Cheslie Kryst’s Father Credits ‘Family Dysfunction’ For Her Suicide

Cheslie Kryst’s Father Credits ‘Family Dysfunction’ For Her Suicide

The family of former Miss USA Cheslie Kryst is heartbroken over her recent suicide and opening up about how the loss affects them.

Cheslie’s father, Rodney Kryst, broke his silence a few days after the former Extra correspondent leaped to her death from a Manhattan high-rise last Sunday. Speaking with the NY Post, Rodney said his daughter was a “pure” soul who refrained from drug and alcohol use and credited her suicide to depression and mental health issues.

“She was pure as can be; she didn’t take any kind of drugs or prescription medication,” Rodney said. “She never had any kind of substance abuse problem.”

He went on to admit to the “family dysfunction” he feels played a part in the state of Cheslie’s mental state.

“I think it had a lot to do with family dysfunction, but it will be a while before we can talk more,” Rodney said before noting that, “She was sad.”

Police found Cheslie’s body on the morning of Jan. 30 outside the Orion condominium building, where she lived on the ninth floor. The pageant queen was reportedly alone when she jumped from an open terrace on the 29th floor.

Since her death, Cheslie’s family has shared how hard they’re taking the loss. Cheslie’s mother, April Simpkins, released a statement last week mourning her daughter’s death, ABC 11 reports.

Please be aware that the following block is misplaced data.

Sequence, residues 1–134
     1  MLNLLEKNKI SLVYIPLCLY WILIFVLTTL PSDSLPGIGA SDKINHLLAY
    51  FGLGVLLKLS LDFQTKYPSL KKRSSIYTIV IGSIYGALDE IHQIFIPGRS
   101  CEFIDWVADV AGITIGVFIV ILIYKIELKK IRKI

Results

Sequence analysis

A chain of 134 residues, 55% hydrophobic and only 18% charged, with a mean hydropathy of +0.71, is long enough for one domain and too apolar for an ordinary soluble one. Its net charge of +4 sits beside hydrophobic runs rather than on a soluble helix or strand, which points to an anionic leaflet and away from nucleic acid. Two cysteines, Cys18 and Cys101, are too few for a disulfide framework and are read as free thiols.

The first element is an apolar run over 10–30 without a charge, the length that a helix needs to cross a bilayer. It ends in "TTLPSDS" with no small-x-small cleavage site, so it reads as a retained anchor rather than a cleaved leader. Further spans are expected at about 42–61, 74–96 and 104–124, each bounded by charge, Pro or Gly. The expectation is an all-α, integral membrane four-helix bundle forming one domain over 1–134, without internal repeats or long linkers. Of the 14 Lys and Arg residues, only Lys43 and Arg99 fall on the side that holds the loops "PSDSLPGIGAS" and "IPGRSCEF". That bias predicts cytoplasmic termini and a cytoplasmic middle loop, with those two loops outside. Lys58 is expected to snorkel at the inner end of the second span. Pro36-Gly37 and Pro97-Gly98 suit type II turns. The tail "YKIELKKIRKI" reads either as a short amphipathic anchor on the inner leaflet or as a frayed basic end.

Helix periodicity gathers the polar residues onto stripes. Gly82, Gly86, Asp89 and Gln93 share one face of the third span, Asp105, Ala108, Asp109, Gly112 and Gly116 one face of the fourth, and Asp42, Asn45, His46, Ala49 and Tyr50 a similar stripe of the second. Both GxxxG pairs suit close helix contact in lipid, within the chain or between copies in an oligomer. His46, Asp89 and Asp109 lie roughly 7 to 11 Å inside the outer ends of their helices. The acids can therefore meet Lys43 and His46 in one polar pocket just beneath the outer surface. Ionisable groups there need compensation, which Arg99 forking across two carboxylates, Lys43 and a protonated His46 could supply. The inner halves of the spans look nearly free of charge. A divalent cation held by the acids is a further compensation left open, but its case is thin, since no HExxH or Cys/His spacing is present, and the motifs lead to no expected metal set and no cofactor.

“I have never known a pain as deep as this. I am forever changed,” Simpkins said.

“Today, what our family and friends privately knew was the cause of death of my sweet baby girl, Cheslie, was officially confirmed. While it may be hard to believe, it’s true. Cheslie led both a public and a private life. In her private life, she was dealing with high-functioning depression which she hid from everyone—including me, her closest confidant—until very shortly before her death.”

The day after her death, Cheslie’s grandfather, Gary Simpkins, shared how hard it was for the family to receive the devastating news.

“To be extinguished so fast is just devastating,” Simpkins said. “So hard to imagine one minute they’re here and one minute they’re not. And you know that the only [way] you’ll ever see them again is when you yourself pass away.”